Insaan us ki raah main saabi kadam rahe, gardan wahi hai amre raza main jo kham rahe.
Iqbal underlines the poetry fits the characters because both work on a multiplicity of emotions. “Here Ram is not behaving like a god and is talking about surrendering to His will.”
It is Chakbast at his best, beautifully weaving Islamic symbolism in a verse meant to describe the mental state of a Hindu icon in the midst of an emotional crisis.
But what is it that makes people turn to listen to their myths in Urdu? “Perhaps, it is the aesthetics and elegance of the language. For some, the dense poetry brings alive the complex thoughts that are ingrained in these texts, something that the simplistic Ramlilas are not being able to achieve these days,” analyses Iqbal.
The “Wow” Factor.
Iqbal agrees that there are many who don’t get the meaning of words. “They assume the context by the expression,” he laughs. That’s why, he adds, writing such dastaans is difficult. “The first line is used for identification and the next should have the ‘wow’ factor.”
For Iqbal, it is an endeavor aimed at creating a more inclusive space, not just at the literary but also at a cultural level. He said that during rehearsals he met an old man who came to Delhi as a refugee after Partition. “Moved by what he saw, he said it reminded him of what his father used to perform in Attock before Partition,” says Iqbal. He promises to turn the play into dastangoi format as well. “Apart from the charm of the charm of the form, it will allow acknowledgment of individual poets during the performance which is not possible in a play.”
He informs a leading publisher has offered to publish the play in Hindi and Urdu.
Iqbal admits that at times he is accused of majority appeasement, but he feels it is important to reach out to the “other” in times we live in. “It is a two-way process. When Chakbast was writing about Kaushlaya-Ram conversation after Dashrath’s death with Islamic jargons that reminded of marsiya, was he reaching out to Muslim readership,” he wonders. “When Akbar circulated a coin with images of Ram and Sita embossed on it, which we have used on the poster, was he looking to win an election,” he asks.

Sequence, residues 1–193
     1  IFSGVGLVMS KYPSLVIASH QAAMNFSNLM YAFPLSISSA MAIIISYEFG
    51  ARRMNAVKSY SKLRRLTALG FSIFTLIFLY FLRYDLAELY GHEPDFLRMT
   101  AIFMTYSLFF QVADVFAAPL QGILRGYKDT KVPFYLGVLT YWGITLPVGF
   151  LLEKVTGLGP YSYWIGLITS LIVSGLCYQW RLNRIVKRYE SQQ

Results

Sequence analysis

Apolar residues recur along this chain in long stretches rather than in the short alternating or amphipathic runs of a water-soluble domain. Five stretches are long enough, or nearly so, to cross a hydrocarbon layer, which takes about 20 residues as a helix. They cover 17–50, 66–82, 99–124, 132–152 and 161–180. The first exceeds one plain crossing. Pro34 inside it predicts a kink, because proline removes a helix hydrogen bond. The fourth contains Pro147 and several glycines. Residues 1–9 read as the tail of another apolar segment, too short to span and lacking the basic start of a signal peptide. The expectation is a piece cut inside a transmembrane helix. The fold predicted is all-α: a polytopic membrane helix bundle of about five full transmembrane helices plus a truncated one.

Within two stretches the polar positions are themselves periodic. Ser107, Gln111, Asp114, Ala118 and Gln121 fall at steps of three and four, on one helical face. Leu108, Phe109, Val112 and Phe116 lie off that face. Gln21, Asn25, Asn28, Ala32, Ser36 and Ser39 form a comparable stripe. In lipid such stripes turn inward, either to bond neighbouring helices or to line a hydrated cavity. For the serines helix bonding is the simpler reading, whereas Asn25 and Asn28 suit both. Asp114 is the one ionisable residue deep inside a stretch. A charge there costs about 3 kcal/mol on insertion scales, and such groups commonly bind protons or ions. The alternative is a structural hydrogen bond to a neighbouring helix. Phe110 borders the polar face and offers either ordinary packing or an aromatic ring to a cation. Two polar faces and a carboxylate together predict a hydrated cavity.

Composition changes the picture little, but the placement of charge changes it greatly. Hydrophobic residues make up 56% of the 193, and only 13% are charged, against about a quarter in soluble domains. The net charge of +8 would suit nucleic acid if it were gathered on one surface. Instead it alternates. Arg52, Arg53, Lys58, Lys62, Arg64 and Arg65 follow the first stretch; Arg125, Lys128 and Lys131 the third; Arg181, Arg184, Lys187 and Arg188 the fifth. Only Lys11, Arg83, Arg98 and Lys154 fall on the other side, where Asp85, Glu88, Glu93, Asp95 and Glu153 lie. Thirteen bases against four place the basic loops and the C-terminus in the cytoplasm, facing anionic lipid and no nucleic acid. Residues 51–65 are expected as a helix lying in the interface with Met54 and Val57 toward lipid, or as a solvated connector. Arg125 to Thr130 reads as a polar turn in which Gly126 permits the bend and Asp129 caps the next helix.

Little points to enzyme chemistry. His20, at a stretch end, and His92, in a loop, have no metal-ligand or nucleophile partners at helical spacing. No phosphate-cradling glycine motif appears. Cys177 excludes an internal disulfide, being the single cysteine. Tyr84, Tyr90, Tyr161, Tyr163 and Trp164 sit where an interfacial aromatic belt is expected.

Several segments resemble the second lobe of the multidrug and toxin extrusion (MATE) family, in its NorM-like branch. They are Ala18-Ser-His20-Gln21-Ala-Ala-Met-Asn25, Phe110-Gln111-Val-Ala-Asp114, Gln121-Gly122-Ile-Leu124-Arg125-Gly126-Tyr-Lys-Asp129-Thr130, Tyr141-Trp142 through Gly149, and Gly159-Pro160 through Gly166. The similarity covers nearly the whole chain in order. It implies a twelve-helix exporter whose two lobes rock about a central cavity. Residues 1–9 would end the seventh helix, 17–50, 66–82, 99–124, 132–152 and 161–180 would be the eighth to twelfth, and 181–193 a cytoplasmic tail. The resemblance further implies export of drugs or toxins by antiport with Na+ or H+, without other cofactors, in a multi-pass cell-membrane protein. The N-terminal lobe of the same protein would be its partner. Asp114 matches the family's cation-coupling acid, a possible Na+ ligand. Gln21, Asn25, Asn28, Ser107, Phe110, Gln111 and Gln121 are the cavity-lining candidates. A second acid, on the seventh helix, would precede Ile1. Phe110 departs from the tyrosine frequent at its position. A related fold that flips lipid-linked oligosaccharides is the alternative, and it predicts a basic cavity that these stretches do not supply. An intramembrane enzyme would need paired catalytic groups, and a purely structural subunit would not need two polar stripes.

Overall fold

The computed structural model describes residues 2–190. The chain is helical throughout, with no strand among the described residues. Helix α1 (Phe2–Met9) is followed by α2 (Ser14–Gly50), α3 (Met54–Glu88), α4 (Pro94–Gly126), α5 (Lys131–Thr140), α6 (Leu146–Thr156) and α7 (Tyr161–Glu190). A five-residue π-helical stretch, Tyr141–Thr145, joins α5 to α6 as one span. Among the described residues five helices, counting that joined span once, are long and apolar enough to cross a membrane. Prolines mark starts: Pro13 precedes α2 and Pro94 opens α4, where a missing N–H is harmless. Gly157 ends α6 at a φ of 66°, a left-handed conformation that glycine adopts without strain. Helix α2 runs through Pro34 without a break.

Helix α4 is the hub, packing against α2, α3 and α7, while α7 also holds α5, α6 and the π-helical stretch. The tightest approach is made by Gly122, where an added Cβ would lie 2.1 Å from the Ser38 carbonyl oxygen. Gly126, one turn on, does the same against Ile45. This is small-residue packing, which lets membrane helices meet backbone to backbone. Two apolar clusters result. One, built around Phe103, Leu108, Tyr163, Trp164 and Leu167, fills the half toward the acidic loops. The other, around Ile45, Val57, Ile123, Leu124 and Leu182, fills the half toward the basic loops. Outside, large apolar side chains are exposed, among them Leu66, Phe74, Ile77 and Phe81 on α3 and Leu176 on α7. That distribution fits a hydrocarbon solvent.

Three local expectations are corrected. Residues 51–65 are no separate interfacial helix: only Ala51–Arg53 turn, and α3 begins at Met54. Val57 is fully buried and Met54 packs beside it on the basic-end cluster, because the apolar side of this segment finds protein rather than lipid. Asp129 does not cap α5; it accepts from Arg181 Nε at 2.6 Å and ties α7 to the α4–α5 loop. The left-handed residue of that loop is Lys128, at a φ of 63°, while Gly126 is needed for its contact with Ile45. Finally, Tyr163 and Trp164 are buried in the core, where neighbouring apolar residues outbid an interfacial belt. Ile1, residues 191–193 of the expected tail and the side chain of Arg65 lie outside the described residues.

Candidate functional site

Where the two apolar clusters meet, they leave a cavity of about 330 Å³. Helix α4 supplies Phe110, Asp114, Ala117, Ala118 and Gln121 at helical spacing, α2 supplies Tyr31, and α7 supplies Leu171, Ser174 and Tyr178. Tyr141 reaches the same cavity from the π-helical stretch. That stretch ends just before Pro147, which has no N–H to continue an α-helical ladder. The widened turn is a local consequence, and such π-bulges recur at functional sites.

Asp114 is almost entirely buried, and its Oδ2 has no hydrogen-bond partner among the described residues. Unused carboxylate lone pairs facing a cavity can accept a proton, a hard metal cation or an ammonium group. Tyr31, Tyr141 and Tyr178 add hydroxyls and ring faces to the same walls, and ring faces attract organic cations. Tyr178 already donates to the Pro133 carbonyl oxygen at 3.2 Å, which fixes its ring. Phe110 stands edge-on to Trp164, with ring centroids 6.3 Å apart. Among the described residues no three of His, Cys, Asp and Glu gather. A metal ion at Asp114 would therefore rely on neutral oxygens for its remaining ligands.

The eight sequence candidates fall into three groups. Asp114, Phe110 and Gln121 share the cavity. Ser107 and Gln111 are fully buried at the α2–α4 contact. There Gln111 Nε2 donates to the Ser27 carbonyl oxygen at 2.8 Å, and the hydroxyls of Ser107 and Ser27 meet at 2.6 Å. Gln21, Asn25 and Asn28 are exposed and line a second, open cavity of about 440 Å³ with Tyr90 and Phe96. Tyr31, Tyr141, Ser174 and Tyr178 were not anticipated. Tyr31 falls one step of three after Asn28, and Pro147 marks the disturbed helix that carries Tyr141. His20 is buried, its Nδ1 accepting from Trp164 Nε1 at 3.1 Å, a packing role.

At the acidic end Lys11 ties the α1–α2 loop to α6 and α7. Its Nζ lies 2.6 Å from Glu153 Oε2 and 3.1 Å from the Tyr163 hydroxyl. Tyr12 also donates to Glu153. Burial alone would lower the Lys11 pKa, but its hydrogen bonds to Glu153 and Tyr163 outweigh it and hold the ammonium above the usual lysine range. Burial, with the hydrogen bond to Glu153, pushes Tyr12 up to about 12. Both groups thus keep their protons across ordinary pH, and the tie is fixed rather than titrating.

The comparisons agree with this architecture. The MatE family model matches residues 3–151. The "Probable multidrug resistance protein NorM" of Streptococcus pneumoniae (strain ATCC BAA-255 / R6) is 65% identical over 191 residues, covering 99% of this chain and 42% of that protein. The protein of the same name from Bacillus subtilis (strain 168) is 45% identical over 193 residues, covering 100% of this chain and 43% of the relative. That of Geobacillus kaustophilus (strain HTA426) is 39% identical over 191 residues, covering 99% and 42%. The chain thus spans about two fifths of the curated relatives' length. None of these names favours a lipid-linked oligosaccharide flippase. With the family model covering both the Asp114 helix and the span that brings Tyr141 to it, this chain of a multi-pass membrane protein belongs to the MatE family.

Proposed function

Iqbal says when he informed Rakesh Vaid, a leading exporter with a taste for Urdu poetry that he was writing Dastaan-e-Mahabharat, he suggested that Iqbal should try something on Prophet Mohammad’s teachings as well. “I said he should give it a try. I guess that is the way forward.”
Confluence of mediums.
While growing up in Aligarh, director Mustajab Malik would often watch Ramleela with his father who taught at the Aligarh Muslim University. “I would always tell myself that one day when I will direct Ramleela, I would use Amir Khusrau’s bidai song after Sita’s swyamvar. Here I got an opportunity, so we are using ‘Kahe Biyahi Bise’. We have recorded it in two voices but I am not happy,” says Malik, who already has invitations from Ayodhya and Dubai to stage the play.
A big-budget production, Malik describes it as an amazing combination of dastaangoi and physical theatre. “It became possible only because Danish bhai could bring different elements together. My aim is to take it to more and more Muslim audiences and present Ram as a cultural icon. We have used marsiya and soz (elegiac songs of lament) as well as Wajid Ali Shah’s thumri to portray the pathos and joys that dot the narrative,” gushes Malik, who has brought shadow puppetry and cutting-edge projection to draw the millennials.
(Dastaan-e-Ram premiers on October 16, Shri Ram Centre, New Delhi.)
This article originally appeared in TheHindu on October 10, 2019, and has been reposted with permission.
This post was written by the author in their personal capacity.The opinions expressed in this article are the author’s own and do not reflect the view of The Theatre Times, their staff or collaborators.